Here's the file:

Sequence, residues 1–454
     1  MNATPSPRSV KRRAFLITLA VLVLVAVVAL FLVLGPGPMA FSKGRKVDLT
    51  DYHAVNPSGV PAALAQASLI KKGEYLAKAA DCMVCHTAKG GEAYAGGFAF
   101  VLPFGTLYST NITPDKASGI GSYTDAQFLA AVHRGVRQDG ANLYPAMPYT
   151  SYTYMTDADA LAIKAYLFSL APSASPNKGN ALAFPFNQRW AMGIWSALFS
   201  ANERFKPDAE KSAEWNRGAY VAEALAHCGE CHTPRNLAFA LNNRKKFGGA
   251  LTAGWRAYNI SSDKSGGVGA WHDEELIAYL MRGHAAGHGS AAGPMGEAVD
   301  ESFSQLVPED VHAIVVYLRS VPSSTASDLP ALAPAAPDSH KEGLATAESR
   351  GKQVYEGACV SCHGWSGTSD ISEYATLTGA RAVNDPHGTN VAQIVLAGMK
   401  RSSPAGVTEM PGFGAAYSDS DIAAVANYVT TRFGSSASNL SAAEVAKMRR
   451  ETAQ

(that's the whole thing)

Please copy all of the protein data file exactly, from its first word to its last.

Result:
Sequence, residues 1–454
     1  MNATPSPRSV KRRAFLITLA VLVLVAVVAL FLVLGPGPMA FSKGRKVDLT
    51  DYHAVNPSGV PAALAQASLI KKGEYLAKAA DCMVCHTAKG GEAYAGGFAF
   101  VLPFGTLYST NITPDKASGI GSYTDAQFLA AVHRGVRQDG ANLYPAMPYT
   151  SYTYMTDADA LAIKAYLFSL APSASPNKGN ALAFPFNQRW AMGIWSALFS
   201  ANERFKPDAE KSAEWNRGAY VAEALAHCGE CHTPRNLAFA LNNRKKFGGA
   251  LTAGWRAYNI SSDKSGGVGA WHDEELIAYL MRGHAAGHGS AAGPMGEAVD
   301  ESFSQLVPED VHAIVVYLRS VPSSTASDLP ALAPAAPDSH KEGLATAESR
   351  GKQVYEGACV SCHGWSGTSD ISEYATLTGA RAVNDPHGTN VAQIVLAGMK
   401  RSSPAGVTEM PGFGAAYSDS DIAAVANYVT TRFGSSASNL SAAEVAKMRR
   451  ETAQ